As I noted in my first post on augmented reality here on ClickZ, the real world and the virtual world are increasingly merging into one. This trend is quickly moving from a novelty, to an expected and relied upon experience to make informed decisions and enhance user engagement. Optimization is integral to augmented reality (AR) and virtual reality (VR), and it is going to require a revisit of method and procedure to ensure discoverability.
What’s clear with the transition from desktop to mobile is that so many were caught off guard with the dramatic impact on the competitive landscape. As a result, every tech and media company is going to have to prepare for the possibility that VR and AR will become the next big platforms.
In the past few months:
- Apple acquired Metaio, an AR startup.
- Google’s I/O conference highlighted Cardboard, a VR platform for mobile phones.
- Google led a $500 million investment in Magic Leap, an AR company.
- Facebook’s Oculus Rift debuted the VR film Henry.
- Microsoft HoloLens is now a fully untethered holographic computer.
Let’s examine the horsepower behind AR and VR right now. Google is conducting advanced experimentation with the tools needed to make VR and AR real today. Their Project Tango tablet development platform is enabled with a number of cameras and motion sensors, enabling it to track and map its surroundings in real-time. It’s capable of area learning, motion tracking, and depth perception, all on the fly. According to Forbes, “Developers can achieve some amazing effects and address certain use cases that were previously not possible. From virtual, guided tours of buildings for real estate and other applications, to simulation environments that offer a natural user view with panning and control that can be achieved just by moving the tablet in space.”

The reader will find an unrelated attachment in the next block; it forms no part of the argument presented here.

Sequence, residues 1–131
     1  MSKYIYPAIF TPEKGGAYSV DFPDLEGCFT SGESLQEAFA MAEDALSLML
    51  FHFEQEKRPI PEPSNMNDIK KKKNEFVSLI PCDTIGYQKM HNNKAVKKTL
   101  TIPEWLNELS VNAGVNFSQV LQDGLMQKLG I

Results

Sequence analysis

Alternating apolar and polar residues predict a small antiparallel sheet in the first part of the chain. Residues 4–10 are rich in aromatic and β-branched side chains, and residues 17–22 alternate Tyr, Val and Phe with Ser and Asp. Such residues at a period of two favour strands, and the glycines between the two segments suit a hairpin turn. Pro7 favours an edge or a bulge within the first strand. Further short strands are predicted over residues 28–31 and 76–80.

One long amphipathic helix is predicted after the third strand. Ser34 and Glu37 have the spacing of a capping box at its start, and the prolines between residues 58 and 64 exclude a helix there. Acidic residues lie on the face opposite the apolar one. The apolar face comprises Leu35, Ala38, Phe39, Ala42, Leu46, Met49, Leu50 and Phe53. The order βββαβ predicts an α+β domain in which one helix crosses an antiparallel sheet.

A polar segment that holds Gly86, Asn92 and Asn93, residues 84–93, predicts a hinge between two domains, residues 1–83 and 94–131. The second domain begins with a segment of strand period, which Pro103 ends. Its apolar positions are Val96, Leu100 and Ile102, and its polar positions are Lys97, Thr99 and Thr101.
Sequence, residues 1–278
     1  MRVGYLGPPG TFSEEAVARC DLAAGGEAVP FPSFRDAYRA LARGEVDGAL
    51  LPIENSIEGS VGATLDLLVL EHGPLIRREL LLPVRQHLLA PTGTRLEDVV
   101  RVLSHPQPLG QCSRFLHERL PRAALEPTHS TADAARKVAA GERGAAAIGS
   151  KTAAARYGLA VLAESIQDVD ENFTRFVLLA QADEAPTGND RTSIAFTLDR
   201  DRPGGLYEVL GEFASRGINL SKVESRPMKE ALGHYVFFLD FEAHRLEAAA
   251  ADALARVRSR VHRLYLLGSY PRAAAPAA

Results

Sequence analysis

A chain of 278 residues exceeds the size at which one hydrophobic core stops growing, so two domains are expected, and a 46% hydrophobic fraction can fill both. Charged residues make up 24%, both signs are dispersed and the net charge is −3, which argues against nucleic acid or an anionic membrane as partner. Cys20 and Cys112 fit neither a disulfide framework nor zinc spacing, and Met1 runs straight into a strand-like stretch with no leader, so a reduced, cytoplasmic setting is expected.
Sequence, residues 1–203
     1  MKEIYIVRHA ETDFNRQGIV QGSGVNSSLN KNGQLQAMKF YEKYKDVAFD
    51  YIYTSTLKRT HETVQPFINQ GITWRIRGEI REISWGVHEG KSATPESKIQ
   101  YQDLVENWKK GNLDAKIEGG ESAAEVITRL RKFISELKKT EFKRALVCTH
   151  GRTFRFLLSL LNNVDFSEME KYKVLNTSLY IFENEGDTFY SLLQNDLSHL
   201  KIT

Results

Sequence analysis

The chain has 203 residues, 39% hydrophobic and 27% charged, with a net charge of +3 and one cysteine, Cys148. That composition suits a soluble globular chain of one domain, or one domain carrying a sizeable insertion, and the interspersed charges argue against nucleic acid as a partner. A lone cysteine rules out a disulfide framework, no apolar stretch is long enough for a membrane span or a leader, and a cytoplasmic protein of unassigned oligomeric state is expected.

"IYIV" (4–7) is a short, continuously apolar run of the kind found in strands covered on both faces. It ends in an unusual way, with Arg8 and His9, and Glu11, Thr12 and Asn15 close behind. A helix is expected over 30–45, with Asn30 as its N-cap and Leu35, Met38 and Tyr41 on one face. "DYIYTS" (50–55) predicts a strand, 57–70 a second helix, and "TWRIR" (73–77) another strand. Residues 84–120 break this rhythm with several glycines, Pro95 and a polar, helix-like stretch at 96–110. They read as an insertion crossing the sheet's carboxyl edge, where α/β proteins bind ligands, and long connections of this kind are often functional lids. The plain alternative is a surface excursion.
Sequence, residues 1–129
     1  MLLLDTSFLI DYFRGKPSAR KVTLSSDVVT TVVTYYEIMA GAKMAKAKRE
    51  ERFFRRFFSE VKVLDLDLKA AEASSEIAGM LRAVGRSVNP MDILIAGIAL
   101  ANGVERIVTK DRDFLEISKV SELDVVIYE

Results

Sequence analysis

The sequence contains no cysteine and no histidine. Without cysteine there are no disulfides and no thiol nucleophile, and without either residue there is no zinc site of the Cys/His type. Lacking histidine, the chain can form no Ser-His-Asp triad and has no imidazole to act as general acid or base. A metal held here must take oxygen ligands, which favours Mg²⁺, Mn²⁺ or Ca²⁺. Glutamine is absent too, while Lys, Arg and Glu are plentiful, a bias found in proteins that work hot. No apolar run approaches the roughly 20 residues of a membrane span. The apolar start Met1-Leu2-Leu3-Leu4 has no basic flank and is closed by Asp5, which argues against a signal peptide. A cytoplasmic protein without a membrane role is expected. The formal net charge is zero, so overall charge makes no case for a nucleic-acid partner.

So, what’s the SEO and general marketing upheaval linked to augmented and virtual reality? David Amerland, author of Google Semantic Search, states that “augmented reality uses semantic technologies to introduce a structured, information-rich layer into the real world environment.” It must all be keyword-researched, and discoverable by search engines and the searcher. We also must give the user the ability to leave their own mark in the augmented world via content insertion. According to Amerland, whether this appears as extra information, 3D models popping forth from projectors inside devices, or immaterial overlay generated from AR or VR visors, what matters is that the fundamental functions that render semantic search – Object Recognition, Entity Extraction, and End-User Intent Awareness – are at work.
VR is a much more difficult technological nut to crack than the traditional web. Since VR is an exercise in making the digitized world appear like the real world, you can actually use today’s search and SEO processes to, once new platforms will support it, insert organic and paid advertising plus marketing messages to drive lead generation.
While AR and VR are not prominent today, I wouldn’t rule out a near future in which AR and PR platforms rule the digital universe. Think about passionate marketers who want to deliver amazing and personal content to their customers; what could be more incredible than being in a virtual reality environment, engaging with relevant content and movie-like stories? Imagine the mobile apps that will be generated for AR/VR – who wouldn’t download and use them? A panel of AR/VR experts gathered at the Neurogaming Conference this past May had the combined opinion that, “The rapid rise of VR technology, the sheer number of companies developing AR devices and applications, and the potential it has to replace other forms of computing (a lot of dollars to be made as a form factor is replaced) suggest AR has a significant role to play in our future. All things considered, the burning question is not whether AR devices will become mainstream, but when.”
How does your mobile strategy stack up to the impending rush of AR and VR software and tools? You might want to give it some thought.
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